On the other hand, those who lack these kinds of relationships have only an 8 percent chance of being highly engaged.
Humans are social creatures, and meaningful social interaction is an integral part of each day. To have a thriving day, individuals need six hours of social time. With no social time, an individual has 50/50 chance of having a good day or a bad day; each hour of social interaction increases the chances of having a good day.
Consider that six hours for a moment. The average employee spends about eight hours of her day at work. If she doesn’t have any friends at the office, then it’s likely her social time is limited to a few hours each day before or after work. That may mean she’s experiencing bad day after bad day. And that’s dangerously close to the burnout cycle.
- Withdrawal from coworkers
- Lack of social interaction
- Few or no friendships at the workplace
- Chronic fatigue
- Poor concentration
- Frequently ill
- Pessimism and detachment
None of us is Superman or the Energizer Bunny, so we all have a limited supply of time and energy on any given day. We must make choices as to how and why we will expend our limited resources. Clearly, a full-time job consumes a large chunk of our resources as we go into the office every day for eight hours.
However, work can take up even more time and energy than this in the form of lingering stress, unfinished projects, or negative feelings. In other words, leaving the office is not necessarily the end of the workday for many employees.
In terms of our limited time and energy, burnout is the result when we continually spend resources without refilling the bucket—like taking out a loan from ourselves that we can never quite payback.
Employees can only do so much to change the demands on their time and energy while they’re in the office. Likewise, we are all limited to 24 hours a day, and that can’t change. So what can we do to battle employee burnout when so many factors are out of our control?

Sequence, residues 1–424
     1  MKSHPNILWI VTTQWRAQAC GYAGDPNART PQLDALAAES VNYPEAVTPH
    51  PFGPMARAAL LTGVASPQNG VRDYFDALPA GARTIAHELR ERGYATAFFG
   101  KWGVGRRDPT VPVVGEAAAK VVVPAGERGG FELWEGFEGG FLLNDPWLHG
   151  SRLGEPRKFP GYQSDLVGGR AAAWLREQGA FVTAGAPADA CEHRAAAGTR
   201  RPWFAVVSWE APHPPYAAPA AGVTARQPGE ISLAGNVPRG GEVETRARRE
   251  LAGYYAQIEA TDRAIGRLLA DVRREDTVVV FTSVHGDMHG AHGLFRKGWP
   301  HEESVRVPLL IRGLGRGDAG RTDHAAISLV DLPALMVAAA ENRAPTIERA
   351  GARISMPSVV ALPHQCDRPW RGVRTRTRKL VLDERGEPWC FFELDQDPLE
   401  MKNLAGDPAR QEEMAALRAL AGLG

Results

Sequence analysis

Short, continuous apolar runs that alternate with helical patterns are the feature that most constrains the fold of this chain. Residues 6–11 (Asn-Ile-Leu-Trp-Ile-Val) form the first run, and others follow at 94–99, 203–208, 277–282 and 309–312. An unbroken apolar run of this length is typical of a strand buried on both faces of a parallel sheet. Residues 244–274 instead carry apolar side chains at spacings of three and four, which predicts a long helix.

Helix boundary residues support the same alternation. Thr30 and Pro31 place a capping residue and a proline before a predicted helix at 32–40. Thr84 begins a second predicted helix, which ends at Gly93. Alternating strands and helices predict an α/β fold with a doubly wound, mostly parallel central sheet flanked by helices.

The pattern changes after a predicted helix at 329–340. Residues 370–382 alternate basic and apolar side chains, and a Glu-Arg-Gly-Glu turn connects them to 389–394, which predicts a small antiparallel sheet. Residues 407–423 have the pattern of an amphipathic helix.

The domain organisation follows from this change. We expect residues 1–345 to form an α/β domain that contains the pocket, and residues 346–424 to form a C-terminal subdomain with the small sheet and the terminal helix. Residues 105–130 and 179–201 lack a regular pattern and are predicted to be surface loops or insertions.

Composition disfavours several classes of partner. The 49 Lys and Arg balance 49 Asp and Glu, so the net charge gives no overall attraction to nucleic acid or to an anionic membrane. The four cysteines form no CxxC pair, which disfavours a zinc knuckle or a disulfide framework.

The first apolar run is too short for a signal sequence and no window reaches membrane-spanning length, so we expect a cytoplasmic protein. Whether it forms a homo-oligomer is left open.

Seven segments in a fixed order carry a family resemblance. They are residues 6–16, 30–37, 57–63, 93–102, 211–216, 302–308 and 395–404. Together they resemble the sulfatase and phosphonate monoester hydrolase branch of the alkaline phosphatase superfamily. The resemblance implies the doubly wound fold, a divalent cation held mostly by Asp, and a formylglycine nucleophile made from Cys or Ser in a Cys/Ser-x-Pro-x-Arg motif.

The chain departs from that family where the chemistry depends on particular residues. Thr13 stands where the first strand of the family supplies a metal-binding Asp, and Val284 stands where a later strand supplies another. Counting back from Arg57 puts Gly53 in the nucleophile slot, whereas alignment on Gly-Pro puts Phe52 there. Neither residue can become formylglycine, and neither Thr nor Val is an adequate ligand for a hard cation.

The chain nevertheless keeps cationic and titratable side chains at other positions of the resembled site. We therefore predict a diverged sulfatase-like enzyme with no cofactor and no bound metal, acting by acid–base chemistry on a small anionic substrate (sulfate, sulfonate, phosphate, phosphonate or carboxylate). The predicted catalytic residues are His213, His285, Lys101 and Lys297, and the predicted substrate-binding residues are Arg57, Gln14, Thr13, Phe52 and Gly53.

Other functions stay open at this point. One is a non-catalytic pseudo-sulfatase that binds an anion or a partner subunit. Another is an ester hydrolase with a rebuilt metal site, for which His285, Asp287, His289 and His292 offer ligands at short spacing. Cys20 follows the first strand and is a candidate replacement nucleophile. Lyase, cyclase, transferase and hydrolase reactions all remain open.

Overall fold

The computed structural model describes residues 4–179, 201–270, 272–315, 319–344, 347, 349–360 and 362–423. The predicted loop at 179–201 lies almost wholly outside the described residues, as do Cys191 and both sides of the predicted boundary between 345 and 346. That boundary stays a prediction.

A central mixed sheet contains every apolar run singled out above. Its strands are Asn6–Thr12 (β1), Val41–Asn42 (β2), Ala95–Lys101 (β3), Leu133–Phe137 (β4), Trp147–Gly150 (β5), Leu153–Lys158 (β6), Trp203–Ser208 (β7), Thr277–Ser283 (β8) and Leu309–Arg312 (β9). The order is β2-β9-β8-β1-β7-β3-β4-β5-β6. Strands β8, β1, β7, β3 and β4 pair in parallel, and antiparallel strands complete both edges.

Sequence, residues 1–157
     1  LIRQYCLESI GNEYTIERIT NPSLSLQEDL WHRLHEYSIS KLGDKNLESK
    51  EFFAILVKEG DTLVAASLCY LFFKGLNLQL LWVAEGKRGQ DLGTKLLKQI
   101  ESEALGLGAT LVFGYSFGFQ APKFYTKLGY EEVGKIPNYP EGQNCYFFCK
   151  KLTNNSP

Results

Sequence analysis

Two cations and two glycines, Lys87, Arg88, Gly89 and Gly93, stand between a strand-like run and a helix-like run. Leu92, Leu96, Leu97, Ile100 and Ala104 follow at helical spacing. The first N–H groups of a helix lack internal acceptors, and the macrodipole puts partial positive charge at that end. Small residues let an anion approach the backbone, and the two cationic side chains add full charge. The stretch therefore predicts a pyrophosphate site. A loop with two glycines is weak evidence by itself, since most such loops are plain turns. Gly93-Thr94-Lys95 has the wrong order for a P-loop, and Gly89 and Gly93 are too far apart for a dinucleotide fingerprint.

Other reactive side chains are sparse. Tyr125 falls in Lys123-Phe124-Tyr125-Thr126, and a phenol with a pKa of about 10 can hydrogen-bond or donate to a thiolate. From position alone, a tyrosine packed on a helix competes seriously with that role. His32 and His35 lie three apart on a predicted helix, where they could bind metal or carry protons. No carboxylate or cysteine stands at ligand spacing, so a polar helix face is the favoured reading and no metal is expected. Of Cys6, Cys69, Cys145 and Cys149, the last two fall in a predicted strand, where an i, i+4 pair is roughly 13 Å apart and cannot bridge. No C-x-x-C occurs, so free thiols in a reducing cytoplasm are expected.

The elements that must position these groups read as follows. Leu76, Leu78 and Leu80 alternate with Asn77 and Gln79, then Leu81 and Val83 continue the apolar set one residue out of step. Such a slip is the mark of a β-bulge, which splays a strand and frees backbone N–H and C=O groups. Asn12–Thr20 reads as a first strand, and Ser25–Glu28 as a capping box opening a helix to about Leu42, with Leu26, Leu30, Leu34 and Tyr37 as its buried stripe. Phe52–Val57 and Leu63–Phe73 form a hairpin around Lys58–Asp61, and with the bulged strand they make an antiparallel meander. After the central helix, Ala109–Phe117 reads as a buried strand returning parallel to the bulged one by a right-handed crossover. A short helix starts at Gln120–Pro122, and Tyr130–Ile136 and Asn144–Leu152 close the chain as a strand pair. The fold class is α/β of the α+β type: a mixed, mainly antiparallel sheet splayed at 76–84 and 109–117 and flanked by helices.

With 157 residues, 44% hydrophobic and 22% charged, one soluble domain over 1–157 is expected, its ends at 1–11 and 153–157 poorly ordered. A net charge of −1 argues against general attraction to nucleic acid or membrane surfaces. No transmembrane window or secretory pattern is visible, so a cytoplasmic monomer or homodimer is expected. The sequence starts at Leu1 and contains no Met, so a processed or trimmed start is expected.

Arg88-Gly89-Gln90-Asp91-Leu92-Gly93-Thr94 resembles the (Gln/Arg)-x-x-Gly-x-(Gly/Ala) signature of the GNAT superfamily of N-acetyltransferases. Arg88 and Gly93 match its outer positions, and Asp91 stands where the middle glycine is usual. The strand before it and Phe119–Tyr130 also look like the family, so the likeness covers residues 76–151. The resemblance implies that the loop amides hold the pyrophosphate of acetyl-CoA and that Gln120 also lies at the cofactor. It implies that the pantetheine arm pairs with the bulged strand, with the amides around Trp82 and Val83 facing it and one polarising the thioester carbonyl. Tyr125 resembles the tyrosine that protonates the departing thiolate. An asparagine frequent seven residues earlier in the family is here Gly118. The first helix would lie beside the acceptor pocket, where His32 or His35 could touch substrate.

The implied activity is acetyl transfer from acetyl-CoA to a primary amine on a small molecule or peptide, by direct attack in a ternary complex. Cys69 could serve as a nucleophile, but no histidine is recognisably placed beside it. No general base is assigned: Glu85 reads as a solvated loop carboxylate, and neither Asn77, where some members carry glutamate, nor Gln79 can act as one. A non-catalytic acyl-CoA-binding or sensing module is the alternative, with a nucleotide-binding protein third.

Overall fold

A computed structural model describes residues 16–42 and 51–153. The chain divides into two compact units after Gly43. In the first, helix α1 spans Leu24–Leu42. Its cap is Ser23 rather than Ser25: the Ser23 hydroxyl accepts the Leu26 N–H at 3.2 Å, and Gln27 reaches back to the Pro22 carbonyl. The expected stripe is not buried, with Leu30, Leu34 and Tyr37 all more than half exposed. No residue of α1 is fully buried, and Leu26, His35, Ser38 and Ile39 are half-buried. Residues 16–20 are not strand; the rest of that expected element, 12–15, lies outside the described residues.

In an article last year, Harvard Business Review explained that resilience, or the ability to bounce back from difficult tasks, is about getting enough quality recovery time rather than simply resting. Real recovery means giving our brains a break from demanding activities of every kind—not just work. Fuming over the latest celebrity Twitter war or worrying about the breaking news on TV might be shifting your mind away from work, but it’s not allowing you to recover.
In the following slides, we'll explore how the workplace can foster recovery and resilience.
Work/life balance needs to become a part of an organization’s culture if it isn’t already. And we don’t just mean that it’s printed on a poster that hangs in the break room. What is the unstated culture of your company? Are employees praised and rewarded for staying late or working after hours? Are individuals expected to answer emails at 10:00 PM? All of this communicates an organization’s culture.
Of course, the best way to recharge from work is to not work! While employees should be able to recover each night away from the office, sometimes a more substantial break is necessary.
The benefits of vacations are well documented, especially in the fight to reduce burnout rates. That’s why we offer a paid paid vacation benefit to all of our employees each year. Enabling employees to not only use their time off but to use it in amazing ways, helps them fully recover from work during a vacation. They’ll return with more energy and enthusiasm, and as a result, produce much better work.
One of the most effective solutions to burnout that managers and HR professionals can take is an effective performance management system. This becomes a natural tool for checking in with employees and solving problems as they arise. Managers should be meeting with their team members on a regular basis anyway, and these one-on-ones are an excellent way to gauge their engagement.
Instead of focusing the conversation solely on performance wins or goals for improvement, this kind of check-in is an opportunity to exchange feedback and consider individual needs. After all, simple communication can solve a lot of problems—including burnout.
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There was quite a bit of buzz recently when the World Health Organization recognized "burnout" as a legitimate medical diagnosis. This didn't come as news to many of us who have felt burnt out at some point during our professional or academic careers. Nonetheless, it's reassuring to hear that experts are taking burnout seriously.
In this slideshow, the experts at BambooHR discuss some of the underlying causes of burnout, its signs, and possible solutions organizations should consider implementing.
Click here to read the full article on the BambooHR blog.